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Surrogacy and donor FAQs

Who are the child’s legal parents?

In the first instance, the child’s legal mother will always be the gestational parent who will also be named on the birth certificate. This is the mother who carries the child to birth therefore an egg donor will not be the child’s legal parent. In the first instance, the child’s legal father will be the biological father but they will only be named on the birth certificate under certain circumstances.

How do I become the child’s legal parent if I want to use a surrogate?

A parental order must be obtained. This extinguishes the legal parentage of the surrogate mother and instead the applicant assumes the status of the child’s legal parent. The child must be living with the applicant in the UK, Channel Islands or Isle of Man and the parental order must be applied for within 6 months of the child’s birth.

Can I get a parental order if I am single?

Parental orders used to be limited to those that were married, in a civil partnership or in an enduring relationship. The laws changed in January 2019 allowing single people to also apply for a parental order.

Do I still need a parental order if I commission a surrogacy abroad?

Yes, a parental order is still necessary if you want to be recognised as the child’s parent in the UK rather than the surrogate mother regardless of the laws of the country where the surrogacy arrangement took place.

What is a surrogacy agreement?

A surrogacy agreement may be drawn up and entered into by the commissioning parents and surrogate parents before, during and even after the child is born. It sets out all the parties’ intentions and expectations and can include issues such as the making of a parental order, the financial obligations towards the child, the surrogate’s relationship with the child and how the child will be brought up.

Why should I get a surrogacy agreement?

Surrogacy agreements are not legally binding in the UK as a parental order must be freely entered into by all the parties at the time it is applied for. A surrogacy agreement is however useful to ensure that all the parties involved understand the practicalities of the surrogacy. This can help avoid any misunderstandings, oversights and disappointment when a parental order is eventually applied for. Although surrogacy agreements are not legally binding, the courts can still consider them in relation to any disagreements in the future to take into account the parties’ intentions.

If I wish to use a surrogate do I need to pay her?

Surrogates cannot be paid for commercial purposes however, a surrogate can be paid reasonable expenses which is determined on a case by case basis.

What is the difference between a known donor and an unknown donor?

The commissioning parents will not know the identity of an unknown donor unlike a known donor. In the UK an unknown donor can only be used through a UK licensed clinic. Likewise, an unknown donor will not know the identity of the mother or any child conceived but can request confirmation of the number of children born as a result of their donation, the children’s genders and the years of birth.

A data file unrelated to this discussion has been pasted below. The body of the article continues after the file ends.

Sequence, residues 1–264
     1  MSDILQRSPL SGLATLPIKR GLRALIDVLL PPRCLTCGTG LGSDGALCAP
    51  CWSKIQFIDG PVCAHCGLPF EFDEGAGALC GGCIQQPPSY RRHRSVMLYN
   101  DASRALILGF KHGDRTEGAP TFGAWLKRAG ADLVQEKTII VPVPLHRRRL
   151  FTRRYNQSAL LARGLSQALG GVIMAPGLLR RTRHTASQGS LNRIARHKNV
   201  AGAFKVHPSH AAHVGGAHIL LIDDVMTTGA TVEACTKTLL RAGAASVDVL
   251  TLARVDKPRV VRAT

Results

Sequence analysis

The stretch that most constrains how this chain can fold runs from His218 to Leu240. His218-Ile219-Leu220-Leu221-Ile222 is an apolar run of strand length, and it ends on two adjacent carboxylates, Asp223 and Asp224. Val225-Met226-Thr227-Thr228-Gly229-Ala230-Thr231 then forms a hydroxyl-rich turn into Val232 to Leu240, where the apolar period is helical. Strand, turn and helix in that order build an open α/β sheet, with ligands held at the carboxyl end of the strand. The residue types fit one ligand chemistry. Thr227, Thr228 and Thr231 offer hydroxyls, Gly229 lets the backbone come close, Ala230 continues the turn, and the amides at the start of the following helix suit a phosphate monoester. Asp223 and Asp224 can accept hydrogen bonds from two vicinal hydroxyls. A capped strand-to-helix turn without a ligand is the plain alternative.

Can a donor conceived child find out who the donor was?

An unknown donor will remain anonymous until the child turns 16 after which they can request non-identifying information. Once a child turns 18 they can then request identifying information about the donor however, donations before 1 April 2005 were anonymous therefore any information before this date will only be available if the donors have agreed to remove their anonymity.

If I used a donor then can my partner be the child’s legal parent?

This will depend on the relationship between you and your partner and whether the donation was carried out in a UK licensed clinic. If the donation is carried out in a UK licensed clinic then the donor will not be the child’s legal parent and the mother can agree for her partner to be the other legal parent, regardless of whether they are married or in a civil partnership. If the donation takes place outside of a UK licensed clinic then the partner must be married or in a civil partnership with the mother in order to be considered the child’s legal parent.

What is a donor agreement?

A donor agreement may be drawn up and entered into by the commissioning parents and the donor before, during and even after the child is born. It sets out all the parties’ intentions and expectations and can include issues such as the financial obligations towards the child, the donor’s relationship with the child and how the child will be brought up.

Why should I get a donor agreement?

Donor agreements are not legally binding in the UK. A donor agreement is however useful to ensure that all the parties involved understand the practicalities of the arrangement. This can help avoid any misunderstandings, oversights and disappointment at a later date. Although donor agreements are not legally binding, the courts can still consider them in relation to any disagreements in the future to take into account the parties’ intentions.


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